Wednesday, October 21, 2009

Coffee Pioneer. Tiered Raised Beds

I felt really cool writing that I was pioneering new coffee techniques in the DR on my resume. Like most pioneers I´m lured by stories of big money, cheap labor, and busty women. And like most pioneers I only go half the story. There is no template that works in all farms. There are no silver bullet techniques. I´ve been following pictures, advice and conversations from several different people. The blanks that show up when theory becomes reality, I fill in myself. Coffee needs an amazing amount of attention, work and love to even have the chance of producing a high quality product. Am I chasing gold dust or have I struck a solid vein?

Every morning I wake at 6AM. By 7AM I´ve donned my work clothes and made an aeropress of good coffee then walked the 15min to Antonio´s house. We pick coffee, wash coffee, dry coffee and spend the majority of the day sweating and grunting. The workers (as many as 20) clock at 4PM. At 5PM we are usually done depulping the coffee and starting to put the tools away and make the 35 to 45min hike back to town. By 630PM I usually have taken my cold shower and settled into small dinner. By 9PM Los Frios is quite except for a few roosters and I´m asleep. This is not a game. It is hard work. Today is Friday and Saturday will be the same work schedule. Sunday should could very well hold the same routine.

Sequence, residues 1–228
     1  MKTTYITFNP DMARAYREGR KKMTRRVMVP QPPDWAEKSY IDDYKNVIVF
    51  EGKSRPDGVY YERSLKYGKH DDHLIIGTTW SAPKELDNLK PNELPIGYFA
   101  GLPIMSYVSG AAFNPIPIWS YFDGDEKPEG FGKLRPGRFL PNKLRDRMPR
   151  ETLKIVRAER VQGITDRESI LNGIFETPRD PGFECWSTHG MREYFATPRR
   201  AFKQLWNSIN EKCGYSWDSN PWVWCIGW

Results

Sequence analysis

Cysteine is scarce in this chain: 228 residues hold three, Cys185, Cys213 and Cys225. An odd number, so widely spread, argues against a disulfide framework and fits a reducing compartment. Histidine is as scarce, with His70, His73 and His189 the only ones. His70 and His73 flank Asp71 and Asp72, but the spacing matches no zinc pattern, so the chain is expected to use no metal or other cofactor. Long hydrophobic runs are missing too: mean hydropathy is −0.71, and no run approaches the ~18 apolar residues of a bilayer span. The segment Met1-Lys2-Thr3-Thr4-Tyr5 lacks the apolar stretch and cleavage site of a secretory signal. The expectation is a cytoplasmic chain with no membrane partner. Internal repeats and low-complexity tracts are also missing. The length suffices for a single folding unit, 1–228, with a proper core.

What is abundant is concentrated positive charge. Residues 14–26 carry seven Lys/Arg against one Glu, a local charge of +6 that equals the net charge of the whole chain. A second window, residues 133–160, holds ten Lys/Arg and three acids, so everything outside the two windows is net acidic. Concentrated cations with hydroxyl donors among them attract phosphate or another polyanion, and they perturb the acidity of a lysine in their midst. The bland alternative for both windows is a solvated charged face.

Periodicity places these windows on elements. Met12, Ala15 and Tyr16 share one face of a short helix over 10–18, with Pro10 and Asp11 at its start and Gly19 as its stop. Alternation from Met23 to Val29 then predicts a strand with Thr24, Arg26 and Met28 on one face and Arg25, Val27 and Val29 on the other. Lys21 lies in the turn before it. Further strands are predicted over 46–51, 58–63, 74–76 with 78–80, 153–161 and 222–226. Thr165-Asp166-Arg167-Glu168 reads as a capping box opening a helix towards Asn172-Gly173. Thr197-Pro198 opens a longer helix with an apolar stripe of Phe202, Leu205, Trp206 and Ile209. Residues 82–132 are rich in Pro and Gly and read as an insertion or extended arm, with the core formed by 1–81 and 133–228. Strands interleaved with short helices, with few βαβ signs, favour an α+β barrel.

These tiered beds aren´t drying the coffee fast enough and my nose is telling me that notes of over ferment might show up in the cupping notes. It can be hard to relax. This picking was big and expensive and now looking at the chance of losing a few hundred pounds of my coffee to improper drying, well it doesn´t feel good. On top of all this the farmers default excuse, weather, doesn´t apply becuase it has been brilliant. I guess hard times are good for me. And to be honest a steep learning curve is better because there are fewer mistakes later. There is time to make adjustments for the next picking.

I´ve found coffee to be an unforgiving and relentless teacher of patience and resolve.

No comments: